substance to something else) and it may be looked at from two angles. That which was good and
permissible but has become bad and impure, is now haraam, and that which was bad and impure
but has become permissible and good is now halaal.

Ibn al-Qayyim said:

Based on this principle, alcohol is impure, even though its origin is pure. If the reason for its
being regarded as impure is no longer present, then it is to be regarded as pure. This is the basis
of shareeah and the basis of reward and punishment.

Based on this, the correct analogy is that this principle may be applicable to all other impurities if
they have gone through a process of change. The Prophet (peace and blessings of Allaah be upon
him) removed the remains of the mushrikeen from the site of his mosque, but he did not remove
the soil. And Allaah says of milk that it comes from between excretions and blood [al-Nahl
16:66]. The Muslims are unanimously agreed that if an animal eats impure things, but it is then
detained and fed with pure things, its milk and meat become permissible. The same applies to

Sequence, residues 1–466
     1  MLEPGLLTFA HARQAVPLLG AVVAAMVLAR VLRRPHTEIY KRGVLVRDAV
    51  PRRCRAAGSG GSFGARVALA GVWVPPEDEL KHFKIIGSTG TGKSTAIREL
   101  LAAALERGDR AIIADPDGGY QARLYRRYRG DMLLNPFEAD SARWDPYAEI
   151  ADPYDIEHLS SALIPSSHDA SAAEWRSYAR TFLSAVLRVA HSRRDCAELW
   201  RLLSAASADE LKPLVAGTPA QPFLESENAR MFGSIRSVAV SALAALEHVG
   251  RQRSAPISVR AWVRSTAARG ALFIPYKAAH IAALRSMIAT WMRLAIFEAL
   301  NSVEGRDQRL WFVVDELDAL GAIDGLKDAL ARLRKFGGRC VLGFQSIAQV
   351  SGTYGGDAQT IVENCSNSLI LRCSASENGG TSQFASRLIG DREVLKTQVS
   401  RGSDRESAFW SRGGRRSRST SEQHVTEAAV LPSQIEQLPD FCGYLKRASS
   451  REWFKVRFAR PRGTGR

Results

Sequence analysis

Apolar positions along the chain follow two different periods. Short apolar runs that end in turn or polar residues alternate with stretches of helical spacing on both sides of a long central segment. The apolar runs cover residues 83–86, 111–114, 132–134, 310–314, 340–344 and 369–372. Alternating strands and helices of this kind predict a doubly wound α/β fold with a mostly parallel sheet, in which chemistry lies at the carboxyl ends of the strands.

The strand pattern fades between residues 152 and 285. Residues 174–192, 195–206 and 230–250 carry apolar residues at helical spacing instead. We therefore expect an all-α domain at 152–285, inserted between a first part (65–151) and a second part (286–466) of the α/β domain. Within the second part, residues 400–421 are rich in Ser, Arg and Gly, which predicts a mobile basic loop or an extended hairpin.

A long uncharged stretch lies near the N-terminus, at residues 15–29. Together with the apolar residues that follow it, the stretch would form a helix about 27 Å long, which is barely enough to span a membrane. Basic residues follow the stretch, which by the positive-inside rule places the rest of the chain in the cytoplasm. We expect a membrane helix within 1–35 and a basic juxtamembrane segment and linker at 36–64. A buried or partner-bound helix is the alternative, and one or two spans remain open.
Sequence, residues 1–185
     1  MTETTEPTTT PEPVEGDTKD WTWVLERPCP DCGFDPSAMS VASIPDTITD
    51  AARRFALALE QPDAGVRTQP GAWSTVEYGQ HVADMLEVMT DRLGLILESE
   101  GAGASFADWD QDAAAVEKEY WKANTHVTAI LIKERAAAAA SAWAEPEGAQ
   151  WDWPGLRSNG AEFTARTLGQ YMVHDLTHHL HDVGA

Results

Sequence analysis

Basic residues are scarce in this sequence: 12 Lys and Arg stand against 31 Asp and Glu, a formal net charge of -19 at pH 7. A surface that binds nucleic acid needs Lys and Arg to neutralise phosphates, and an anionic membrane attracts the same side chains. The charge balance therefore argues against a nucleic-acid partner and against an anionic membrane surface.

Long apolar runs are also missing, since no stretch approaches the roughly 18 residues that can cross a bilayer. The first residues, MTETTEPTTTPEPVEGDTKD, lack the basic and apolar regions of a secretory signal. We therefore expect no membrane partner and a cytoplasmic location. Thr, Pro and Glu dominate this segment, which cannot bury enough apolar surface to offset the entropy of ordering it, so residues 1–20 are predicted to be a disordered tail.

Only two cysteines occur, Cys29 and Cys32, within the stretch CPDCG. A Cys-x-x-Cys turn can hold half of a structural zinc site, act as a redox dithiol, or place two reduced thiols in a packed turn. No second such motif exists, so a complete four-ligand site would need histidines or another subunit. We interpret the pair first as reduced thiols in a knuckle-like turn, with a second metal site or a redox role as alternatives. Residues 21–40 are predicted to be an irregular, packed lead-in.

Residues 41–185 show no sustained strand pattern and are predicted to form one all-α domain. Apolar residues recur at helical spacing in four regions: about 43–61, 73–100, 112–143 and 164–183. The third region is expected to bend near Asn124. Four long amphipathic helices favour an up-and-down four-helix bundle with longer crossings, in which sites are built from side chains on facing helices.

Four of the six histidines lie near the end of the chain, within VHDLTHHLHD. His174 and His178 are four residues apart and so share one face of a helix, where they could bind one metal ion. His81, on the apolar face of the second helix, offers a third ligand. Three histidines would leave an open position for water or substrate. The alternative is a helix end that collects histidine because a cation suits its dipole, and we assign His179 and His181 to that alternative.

crops and fruits: if they are watered with impure water, but are then watered with pure water,
they become permissible, because of the change (istihaalah) in the impure thing, which becomes
pure. The converse also applies: if the pure thing changes into something impure, then it
becomes impure (naajis), like water, and food when it changes into urine and faeces. So how can
the change affect it when good turns into bad, but not affect it when bad turns into good, and
Allaah brings forth pure things from impure things and impure things from pure things?

It is not the origin of a thing that matters, but what it is now. It is impossible for the ruling on
impurity to remain when the name and character of the thing have changed. The ruling is
connected to the name and character, and is present or absent depending on whether they are
present or absent. The texts which deal with the prohibition on dead meat, blood, pork and